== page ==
Civil Rights Act of 1964 Teacher Resources

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Students compare and contrast the lives of African-Americans and Caucasians during segregation. In this African-American history lesson, students read the article Separate but Never Equal and create a Venn diagram. Students complete the Venn diagram to display how segregation effected African-Americans.
Robert Coles’ The Story of Ruby Bridges forms the basis of this powerful cross-curricular study of civic education and civic responsibility. Class members consider how the book presents authority, responsibility, justice, and privacy.. Although part of a unit plan, this detailed lesson can stand alone and would work with any grade level. Photograph Analysis Guide and photographs for analysis are included.
Students explore U.S. history by examining the role women played in the development of the country. In this women's rights lesson, students read several books with their classmates which discuss the fight women had to go through to get equality in this country. Students utilize vocabulary terms associated with the feminist movement and create class presentations through posters, PowerPoint, time-lines or any other creative solution.
Students review stages of the legislative process, how committees help determine the outcome, and by deciding which bills the full Congress consider. They research committee assignments to consider why representation is important to the people
Students identify different viewpoints in society. They describe the characteristics of some of the individuals involved in the march from Selma to Montgomery, Alabama. They listen to a historical narrative and identify issues of inequality.
Young scholars explore the concept of philanthropy. In this service learning lesson, students examine the accomplishments of Civil Rights leaders' as works of philanthropy. Young scholars read literature regarding diversity and study the Selma to Montgomery Civil Rights March.
In this American Civil Rights worksheet, students respond to 40 multiple choice questions about the important events and people of the movement.
Students focus on the struggle for minorities rights. They describe the civil rights movement of the late 1950's and the 1960's. They trace the roots of the movement in the second-class treatment accorded many black Americans and describe attempts to correct unfair laws and customs.
Students recognize that there are class and school activities that can cause for their exclusion. They defend and dispute an issue in preparing for a debate and determine how a survey can tell you how other classes fell about issues.
Students analyze artist's themes and means of communication, think critically about their sources of information, and weigh claims of national security against the civil liberties of diverse groups.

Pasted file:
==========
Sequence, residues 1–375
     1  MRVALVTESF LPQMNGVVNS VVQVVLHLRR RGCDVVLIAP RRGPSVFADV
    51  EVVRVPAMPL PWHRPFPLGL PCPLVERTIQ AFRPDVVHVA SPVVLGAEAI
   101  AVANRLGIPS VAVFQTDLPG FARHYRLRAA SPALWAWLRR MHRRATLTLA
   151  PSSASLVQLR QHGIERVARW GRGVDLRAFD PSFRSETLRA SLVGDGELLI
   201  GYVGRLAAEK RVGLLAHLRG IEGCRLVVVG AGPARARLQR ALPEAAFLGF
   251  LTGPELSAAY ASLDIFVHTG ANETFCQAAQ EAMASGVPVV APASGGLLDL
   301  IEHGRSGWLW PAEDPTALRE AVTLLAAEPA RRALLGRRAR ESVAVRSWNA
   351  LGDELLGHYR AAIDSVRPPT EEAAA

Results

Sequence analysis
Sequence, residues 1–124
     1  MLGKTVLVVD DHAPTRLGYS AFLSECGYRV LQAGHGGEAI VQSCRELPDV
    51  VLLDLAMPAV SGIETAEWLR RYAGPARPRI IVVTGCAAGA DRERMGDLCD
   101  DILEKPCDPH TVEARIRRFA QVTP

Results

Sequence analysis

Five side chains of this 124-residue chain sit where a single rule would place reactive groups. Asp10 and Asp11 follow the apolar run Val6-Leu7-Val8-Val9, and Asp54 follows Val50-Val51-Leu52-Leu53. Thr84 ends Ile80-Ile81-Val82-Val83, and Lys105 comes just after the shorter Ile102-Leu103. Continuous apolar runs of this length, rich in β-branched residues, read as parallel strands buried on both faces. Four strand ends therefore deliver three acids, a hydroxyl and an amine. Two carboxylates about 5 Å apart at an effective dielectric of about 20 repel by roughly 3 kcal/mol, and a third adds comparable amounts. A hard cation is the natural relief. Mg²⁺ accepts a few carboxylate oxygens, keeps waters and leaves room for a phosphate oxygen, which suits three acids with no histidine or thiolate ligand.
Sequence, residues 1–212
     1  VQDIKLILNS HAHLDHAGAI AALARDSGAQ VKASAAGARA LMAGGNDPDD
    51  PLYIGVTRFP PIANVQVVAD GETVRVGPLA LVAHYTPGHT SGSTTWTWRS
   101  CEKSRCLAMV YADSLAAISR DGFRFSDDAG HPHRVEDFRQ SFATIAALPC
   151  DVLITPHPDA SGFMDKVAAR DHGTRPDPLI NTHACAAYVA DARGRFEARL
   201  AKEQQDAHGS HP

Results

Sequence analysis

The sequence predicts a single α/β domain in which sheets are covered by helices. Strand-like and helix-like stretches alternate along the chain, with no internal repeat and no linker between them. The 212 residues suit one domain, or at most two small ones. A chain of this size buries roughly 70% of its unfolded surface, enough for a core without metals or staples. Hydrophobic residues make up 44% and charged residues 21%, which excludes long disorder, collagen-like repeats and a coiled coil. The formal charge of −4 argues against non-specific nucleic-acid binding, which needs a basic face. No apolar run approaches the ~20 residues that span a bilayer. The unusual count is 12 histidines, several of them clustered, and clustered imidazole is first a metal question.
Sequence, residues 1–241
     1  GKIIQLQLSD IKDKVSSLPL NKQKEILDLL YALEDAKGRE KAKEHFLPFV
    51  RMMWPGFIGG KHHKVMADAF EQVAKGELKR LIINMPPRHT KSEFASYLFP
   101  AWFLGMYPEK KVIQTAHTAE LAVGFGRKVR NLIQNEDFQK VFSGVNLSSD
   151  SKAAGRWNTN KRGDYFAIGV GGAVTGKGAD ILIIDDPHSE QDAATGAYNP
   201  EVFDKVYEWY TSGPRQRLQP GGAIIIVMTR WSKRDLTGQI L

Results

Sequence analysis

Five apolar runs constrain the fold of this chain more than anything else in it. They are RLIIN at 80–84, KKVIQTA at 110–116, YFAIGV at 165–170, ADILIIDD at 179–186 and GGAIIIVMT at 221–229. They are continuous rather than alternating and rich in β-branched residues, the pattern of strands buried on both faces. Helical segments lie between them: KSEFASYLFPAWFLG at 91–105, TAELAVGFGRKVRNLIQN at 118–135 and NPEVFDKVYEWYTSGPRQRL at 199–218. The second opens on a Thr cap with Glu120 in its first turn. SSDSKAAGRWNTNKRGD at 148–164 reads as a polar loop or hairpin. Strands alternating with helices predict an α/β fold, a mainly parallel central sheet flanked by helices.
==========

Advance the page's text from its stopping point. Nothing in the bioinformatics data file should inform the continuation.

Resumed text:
Students analyze the work of three artists whose art work illustrates important political and social events. In this art analysis lesson, students analyze the art of Jasper Johns, Charles Moore, and Andy Warhol. Students complete image based discussion and three related projects.
Eleventh graders explore American government reform. For this Progressive Era lesson, 11th graders read about the Era in their textbooks and in the provided handouts. Students then create group presentations and write essays on the role of Progressives in changing American government.
Students explore racism in America by researching historic victories for equality. In this African American leaders lesson, students discuss the contributions Rosa Parks and Martin Luther King Jr. made while reading a timeline. Students listen to King's "I Have a Dream" speech on the Internet.
High schoolers explore the distance formula using real world data from nonviolent marches for social change.  In this secondary mathematics lesson, students investigate the marches of Gandhi and King using maps overlaid with a coordinate grid.  High schoolers use the distance formula to determine the lengths of the marches.
Students explore justice issues. In this social activism lesson, students watch "Social Activism in the United States," and then locate newspaper articles from the 1960's and 1970's about events during the era.
Students explore the Great Society.  In this U.S. history and government lesson, students view the video "The Great Society," identify the major points of the speech, and compare and contrast the content with The New Deal.
In this American Civil Rights Movement worksheet, 12th graders respond to 20 multiple choice, 10 true/false, 13 fill in the blank, and 6 short answer questions about the movement.
In this United States history and government standardized test practice worksheet, young scholars respond to 50 multiple choice, 1 essay, and 14 short answer questions that require them to review their knowledge of history and government in the United States.
In this online interactive U. S. History crossword puzzle worksheet, students use the 10 clues regarding the Cold War and Civil Rights Movement to find the appropriate answers to complete the word puzzle.
In this U.S. history instructional activity, students read assigned textbook pages on the Civil Rights Movement and respond to 48 short answer questions.

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Civil Rights Act of 1964